3 metrics we use to build pipeline velocity at import.io

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One of the most important truths that every entrepreneur needs to understand when it comes to building a company is that you seldom have all the answers right away. It’s rare to have every process cemented in place from day one of operation.

That’s what makes the world of entrepreneurship and startups exciting—every person involved has the opportunity to influence the growth and direction of the company.

But, that same opportunity that exists—the chance to mold out processes and set the standard—can also make building a successful, sustainable business incredibly challenging for a lot of new teams.

Some teams thrive on uncertainty and flexibility, others crumble. In my experience, it all comes down to alignment.

When I joined import.io as one of the first sales people on our team, we didn’t have a product / paid offering. Naturally, the sole focus of our marketing team was to attract and convince people to become users of our free tool.

But soon after when we updated to a freemium model (both free and paid options), we faced a challenge. Here was the problem we experienced:

Once we had a product offering that could impact revenue, the Sales department expected that leads would come in from Marketing—but Marketing was still focused on driving people to the free tool. They in turn expected the Sales department to take the handful of leads that were coming through and close the deals. The lack of understanding and misalignment of teams made for an awkward working relationship. In time we realized that what was missing was a way for us all to work together and measure progress towards a common goal of revenue.

We knew the problem: it was pretty clear that both teams were not on the same page. The question was, how could we bridge the gap and start to get 8 people rowing in the same direction?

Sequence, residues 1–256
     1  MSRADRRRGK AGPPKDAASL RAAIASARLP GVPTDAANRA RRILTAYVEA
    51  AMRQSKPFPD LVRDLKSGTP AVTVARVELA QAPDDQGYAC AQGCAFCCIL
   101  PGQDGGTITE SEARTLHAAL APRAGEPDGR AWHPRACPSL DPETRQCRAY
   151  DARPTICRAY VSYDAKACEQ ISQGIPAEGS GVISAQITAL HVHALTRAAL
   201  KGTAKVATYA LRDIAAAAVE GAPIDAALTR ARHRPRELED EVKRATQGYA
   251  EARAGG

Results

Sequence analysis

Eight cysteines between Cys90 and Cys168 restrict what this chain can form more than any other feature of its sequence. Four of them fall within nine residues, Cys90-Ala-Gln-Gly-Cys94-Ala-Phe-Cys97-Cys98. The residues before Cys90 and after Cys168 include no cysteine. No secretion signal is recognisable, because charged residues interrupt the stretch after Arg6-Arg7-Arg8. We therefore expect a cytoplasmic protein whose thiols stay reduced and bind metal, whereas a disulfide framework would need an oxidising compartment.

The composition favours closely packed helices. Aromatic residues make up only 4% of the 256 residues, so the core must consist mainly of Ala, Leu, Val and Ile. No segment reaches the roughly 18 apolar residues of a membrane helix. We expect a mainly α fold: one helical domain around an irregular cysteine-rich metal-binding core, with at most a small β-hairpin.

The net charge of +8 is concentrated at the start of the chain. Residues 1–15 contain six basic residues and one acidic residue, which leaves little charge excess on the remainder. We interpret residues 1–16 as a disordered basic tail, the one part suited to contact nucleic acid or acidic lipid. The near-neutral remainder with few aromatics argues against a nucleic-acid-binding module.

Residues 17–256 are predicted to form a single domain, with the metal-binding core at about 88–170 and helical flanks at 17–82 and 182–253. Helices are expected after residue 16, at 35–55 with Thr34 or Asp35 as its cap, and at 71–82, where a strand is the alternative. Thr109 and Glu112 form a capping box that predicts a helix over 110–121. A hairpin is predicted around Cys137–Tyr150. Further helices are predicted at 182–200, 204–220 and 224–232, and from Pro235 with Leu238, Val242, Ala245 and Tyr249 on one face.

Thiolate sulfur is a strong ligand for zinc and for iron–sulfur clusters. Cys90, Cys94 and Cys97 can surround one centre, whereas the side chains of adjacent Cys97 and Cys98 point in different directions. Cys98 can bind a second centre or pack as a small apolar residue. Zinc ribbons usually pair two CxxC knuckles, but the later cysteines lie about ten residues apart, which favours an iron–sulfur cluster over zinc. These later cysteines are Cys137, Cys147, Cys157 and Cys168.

This post outlines what we did to answer the question and solve the problem:

1. We established a shared definition of the pipeline


One of the first things we realized we needed to do in order to align our teams at import.io was clearly define the pipeline. This was a crucial part of setting expectations across teams and ensuring that everyone had a solid understanding of how to interact with new leads.

We focused on the following 3 definitions:

  1. Marketing qualified lead (MQL): For us, this is someone who signs up on our enterprise page.
  1. Sales qualified lead (SQL): This is someone who has been through an email conversation with one of our inbound sales representatives and have been confirmed for having both of the following:
  • a project we can support with our product
  • a budget the roughly maps to our enterprise offering (we have a lot of free users, so this is an important filter)
  1. Sale: This is someone who has been through the entire sales process and has signed a contract to pay for our data service.

Once we had our pipeline defined, our next step was to establish some initial conversion goals and build a process that could help us meet those goals.

2. Start with some rough metrics


In the early days, we really no idea what the conversion rates between MQL, SQL and Sale should look like. Worse, we knew it would take 3-6 months of data before we would start to see a pattern. But that’s the reality of starting a new process…you don’t have all the answers on day one.

In order to succeed and grow though, we knew we needed to set some numbers to work against. Conversion rates are really useful for forecasting and setting initial lead quotas, so we ended up setting these numbers:

  • MQL:SQL 10:1
  • SQL:Sale 5:1

This enabled us to work backwards from our sales target and get a rough sense for what our MQL quota should look like.